The Galaxy A53 is Samsung’s latest mid-range smartphone.
The device offers an expected mid-range Android experience that doesn’t stand out, but nonetheless, the A52 is still a decent smartphone for the average user. While the handset isn’t as impressive as its flagship counterparts, its $589 price tag makes it a decent deal (especially in Canada).
With this in mind, its specs and price put the Galaxy A53 in competition with smartphones like the iPhone SE ($579) and the Pixel 6a ($599). That said, the A53 is even more affordable than these other devices.
Let’s take a look at Samsung’s latest mid-range champion.
The A53 features a decent-looking screen. It’s not great, but with the smartphone’s price in mind, the 1080 x 2400-pixel resolution panel looks great when looking at photos, watching videos or browsing the internet. The AMOLED panel is colourful and bold, and the colours pop more than I’d expect for a handset at this price. Further, the device offers a 120Hz refresh rate with 800nits of max brightness, making it easy to view even under direct sunlight.
Additionally, the 120Hz refresh rate results in buttery smooth display performance, which is perfect for scrolling through Instagram or playing games.
I also like the overall design of the Galaxy A53. It’s an attractive smartphone, but I wish colour variants beyond ‘Awesome Black’ were available in Canada.
The display features a modern hole-punch camera, with relatively slim bezels around the screen. The bezels aren’t the smallest I’ve seen on a smartphone, but they’re better than the iPhone SE’s and similar to the Pixel 6a’s. Flipping the A53 to the rear, you’ll notice an S22-like design and a matte finish. Of course, the phone still attracts smudges, but it generally looks more premium than its price tag might indicate. Camera bump-wise, the A53 features an array of shooters similar to the S22+’s and the S22 Ultra’s.
The layout is similar to the S22 Ultra’s but lacks the island-like look, offering a mixture of the two devices.
Big ol’ battery
How premium the A53 feels is only part of the smartphone’s experience.
There’s an in-display fingerprint scanner for unlocking the display. It works well but isn’t notable, and I’ve used the worse scanners and better ones. However, for what it’s worth, it does feel slightly quicker and more accurate than the A52’s. The Galaxy A53 also features IP67 dust and water resistance, which means it should be able to survive spills and even be submerged in up to one meter of water. Other mid-range devices also offer IP67, including the iPhone SE and the Pixel 6a.
This time the A53 features a rather large 5,000mAh battery, a notable improvement over last year’s A52’s 4,500mAh cell and well beyond the size of the battery in the iPhone SE and Pixel 6a. Thanks to its increased size, the A53 can make it through a day with no concerns. For me, a typical day involves me using Wi-Fi primarily and streaming YouTube for a brief period, scrolling through Instagram and probably about 30 minutes of video calls.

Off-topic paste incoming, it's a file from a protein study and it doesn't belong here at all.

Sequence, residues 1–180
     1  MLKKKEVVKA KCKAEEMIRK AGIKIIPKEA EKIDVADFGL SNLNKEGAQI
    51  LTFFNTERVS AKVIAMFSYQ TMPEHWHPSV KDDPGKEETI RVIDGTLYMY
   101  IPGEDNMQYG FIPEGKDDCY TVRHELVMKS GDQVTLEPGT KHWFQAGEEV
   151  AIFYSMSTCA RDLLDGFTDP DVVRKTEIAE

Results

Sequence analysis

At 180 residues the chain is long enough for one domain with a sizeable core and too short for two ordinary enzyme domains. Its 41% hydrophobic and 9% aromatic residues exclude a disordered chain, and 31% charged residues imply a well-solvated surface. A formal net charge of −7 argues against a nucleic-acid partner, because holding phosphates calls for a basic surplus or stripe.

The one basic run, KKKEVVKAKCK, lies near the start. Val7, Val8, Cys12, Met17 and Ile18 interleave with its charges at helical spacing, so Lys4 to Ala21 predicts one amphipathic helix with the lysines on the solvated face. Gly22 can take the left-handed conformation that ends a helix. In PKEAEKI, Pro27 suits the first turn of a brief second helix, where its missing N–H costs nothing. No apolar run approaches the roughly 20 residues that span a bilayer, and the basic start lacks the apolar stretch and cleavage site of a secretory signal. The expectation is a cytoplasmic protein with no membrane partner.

However, what feels weird this time is, according to Samsung’s website, there’s no charging brick in the device’s box. There’s a USB-C cable, but the lack of a charging brick is frustrating. Though this follows industry trends, I still expect to find a charging brick in the box of a mid-range smartphone. That said, even the Pixel 6a doesn’t feature a brick in its box.
On the more positive side of the spectrum, the Galaxy A53’s camera isn’t a source of contention.
The smartphone sports a 64-megapixel primary shooter, a 12-megapixel ultrawide, a 5-megapixel macro and a 5-megapixel depth shooter. I brought the A53 to Instanbul, Turkey, during a recent trip and below are several photos I snapped with the smartphone.
For the most part, the A53 snaps decent photos. With the primary shooter, I found images oversaturated and not true-to-life, but that’s Samsung’s specialty in the camera space, and I’m sure some people have come to like this style of photography. This oversaturated style is especially noticeable in photos that feature the sky and the sea. That said, sometimes the phone struggles to pull in detail, resulting in photos that look unclear.
On the other hand, the Galaxy A53’s 23-megapixel selfie camera isn’t great — especially for Black people or those with darker skin — as it tends to brighten the subject significantly. Though I refer to myself as a selfie king, I know a smartphone’s front-facing shooter isn’t a critical feature for everyone, but still, it’s worth keeping in mind that the A53 doesn’t snap great images with its front camera.
With all of that said, the A53’s cameras aren’t bad for the device’s cost. Flagships like the S22 Ultra, Pixel 6 Pro, and the iPhone 13 series obviously perform better, but the punchy oversaturated colours still look decent, and the overall results are pretty good. The Pixel 6a’s camera is a clear competitor, and it snaps images similar in quality to the Galaxy A53, but it ultimately comes down to your taste in photography style.
Overall, the A53 is a stellar mid-range option. It features a decent camera, good battery, a premium-like design and a reasonable even price tag. There are many smartphone options out there in the mid-range market, but the A53 strikes a reasonable balance between performance, style and cost.
MobileSyrup utilizes affiliate partnerships. These partnerships do not influence our editorial content, though we may earn a commission on purchases made via these links that helps fund the journalism provided free on our website.